Pub.: 20 Jul '17, Pinned: 04 Oct '17
Abstract: The purpose was to survey dietary habits (DH) and nutrient timing (NT) practices of baseball student-athletes (mean ± SD; 20.7 ± 1.4 yr.) from three NCAA Division I institutions, and examine the effect of a sports dietitian (SD) in regard to nutrition practices.Descriptive statistics and Pearson X(2) analyses were run. Responses on 10 DH and 5 NT items differed (p ≤ 0.10) between athletes who sought dietary planning from a SD (n = 36) versus those who consulted a strength and conditioning coach (SCC, n = 42).In regard to DH items, the SD group found it easier to eat before activity (92% vs. 71%, p = 0.03), did not consume fast food (31% vs. 14%, p = 0.02), caffeinated beverages (57% vs. 46%, p = 0.02), or soda (56% vs. 37%, p = 0.10), prepared their own meals more often (86% vs. 73%, p = 0.07), and took daily multi-vitamins (56% vs. 32%, p = 0.02). The SCC group ate more at burger locations (21% vs. 6%, p = 0.02). In regard to NT items, the SD group ate breakfast before training/lifting sessions (67% vs. 37%, p = 0.02), and had post-workout nutrition options provided (61% vs. 27%, p = 0.01). The SCC group reported pre-competition meals of fast food (58% vs. 45%, p = 0.01), and sport coaches who were less aware of healthy food options (39% vs. 65%, p = 0.05).The SD is as a valuable asset to an intercollegiate athletics program. In the current study, athletes from the SD group consumed less high calorie/low nutrient dense items, ate before exercise, and consumed healthier options post-exercise. The presence of a SD was linked to provision of healthier food options during team trips. The evidence-based eating strategies and dietary plan provided by a SD may lead to improved performance and recovery.
Pub.: 16 Aug '17, Pinned: 04 Oct '17
Abstract: Whey protein has been widely applied to athletes and the fitness field for muscle growth and performance improvement. Limited studies focused on the beneficial effects of whey on aerobic exercise according to biochemical assessments. In the current study, 12 elite male track runners were randomly assigned to whey and maltodextrin groups for 5 weeks' supplementation. The aim of this study was to investigate the effect of whey protein on physiological adaptions and exercise performance. During this period, three time points (pre-, post-, and end-test) were used to evaluate related biochemical parameters, body composition, and performance. The post-test was set 1 day after a marathon for injury status evaluation and the end-test was also assessed after 1-week recovery from endurance test. The results showed that the whey group exhibited significantly lower aspartate aminotransferase, alanine aminotransferase, lactate dehydrogenase, and creatine kinase indicators after the marathon (post-test), as well as at the end-test (p<0.016). The endurance performance in twelve-minute walk/run was also significantly elevated (p<0.012) possibly due to an increase in the muscle mass and amelioration of exercise injuries. In the current study, we demonstrated that whey protein can also be used for aerobic exercise for better physiological adaptation, in addition to resistance training. Whey protein could be also a potential nutrient supplement with a variety of benefits for amateur runners.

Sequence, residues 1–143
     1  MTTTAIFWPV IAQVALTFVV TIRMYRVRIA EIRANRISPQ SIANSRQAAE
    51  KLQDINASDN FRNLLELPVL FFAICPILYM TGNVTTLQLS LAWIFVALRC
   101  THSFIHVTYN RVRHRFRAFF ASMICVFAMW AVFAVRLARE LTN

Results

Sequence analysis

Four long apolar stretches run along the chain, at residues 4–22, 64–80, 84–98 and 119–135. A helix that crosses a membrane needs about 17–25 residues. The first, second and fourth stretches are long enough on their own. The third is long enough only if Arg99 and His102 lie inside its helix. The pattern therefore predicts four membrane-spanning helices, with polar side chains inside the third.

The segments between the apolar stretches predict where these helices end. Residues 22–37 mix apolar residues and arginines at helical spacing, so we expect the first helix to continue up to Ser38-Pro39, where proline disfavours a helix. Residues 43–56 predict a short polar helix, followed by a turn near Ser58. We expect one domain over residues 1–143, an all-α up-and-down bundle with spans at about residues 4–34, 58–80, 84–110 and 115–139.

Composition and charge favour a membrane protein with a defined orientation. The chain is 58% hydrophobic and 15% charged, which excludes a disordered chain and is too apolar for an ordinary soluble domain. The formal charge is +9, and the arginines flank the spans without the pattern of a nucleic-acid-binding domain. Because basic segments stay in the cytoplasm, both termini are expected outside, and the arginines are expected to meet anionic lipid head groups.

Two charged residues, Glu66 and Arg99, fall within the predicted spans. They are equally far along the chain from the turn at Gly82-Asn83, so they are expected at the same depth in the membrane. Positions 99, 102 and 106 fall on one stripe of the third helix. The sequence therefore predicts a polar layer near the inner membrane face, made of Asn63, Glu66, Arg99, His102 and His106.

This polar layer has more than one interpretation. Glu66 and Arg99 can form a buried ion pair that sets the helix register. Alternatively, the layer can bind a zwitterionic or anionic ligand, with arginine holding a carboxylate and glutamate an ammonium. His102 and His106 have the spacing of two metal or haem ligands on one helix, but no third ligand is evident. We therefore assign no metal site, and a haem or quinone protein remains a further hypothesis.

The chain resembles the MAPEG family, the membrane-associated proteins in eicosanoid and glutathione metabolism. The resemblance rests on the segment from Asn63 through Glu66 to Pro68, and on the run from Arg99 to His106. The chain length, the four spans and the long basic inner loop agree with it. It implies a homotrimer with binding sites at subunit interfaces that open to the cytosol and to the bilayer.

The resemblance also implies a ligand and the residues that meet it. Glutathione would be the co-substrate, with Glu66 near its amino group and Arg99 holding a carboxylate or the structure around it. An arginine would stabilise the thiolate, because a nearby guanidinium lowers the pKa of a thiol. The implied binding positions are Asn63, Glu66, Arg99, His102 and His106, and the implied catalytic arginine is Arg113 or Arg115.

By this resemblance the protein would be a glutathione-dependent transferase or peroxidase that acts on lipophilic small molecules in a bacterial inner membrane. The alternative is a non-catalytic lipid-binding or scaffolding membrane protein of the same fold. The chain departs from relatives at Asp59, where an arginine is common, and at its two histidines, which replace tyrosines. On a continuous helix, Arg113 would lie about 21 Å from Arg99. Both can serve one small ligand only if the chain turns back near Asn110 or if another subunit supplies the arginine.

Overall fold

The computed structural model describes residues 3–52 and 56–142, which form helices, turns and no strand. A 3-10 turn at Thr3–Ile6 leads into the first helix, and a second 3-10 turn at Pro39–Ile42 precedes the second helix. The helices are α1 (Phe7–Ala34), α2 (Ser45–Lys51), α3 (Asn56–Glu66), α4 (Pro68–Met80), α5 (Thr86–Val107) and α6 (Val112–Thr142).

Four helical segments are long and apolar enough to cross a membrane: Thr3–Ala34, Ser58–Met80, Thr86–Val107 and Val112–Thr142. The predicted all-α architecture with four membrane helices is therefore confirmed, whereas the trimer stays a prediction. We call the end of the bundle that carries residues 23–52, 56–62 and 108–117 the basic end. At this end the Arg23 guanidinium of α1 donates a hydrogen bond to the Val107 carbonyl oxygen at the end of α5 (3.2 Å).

Pub.: 22 Aug '17, Pinned: 04 Oct '17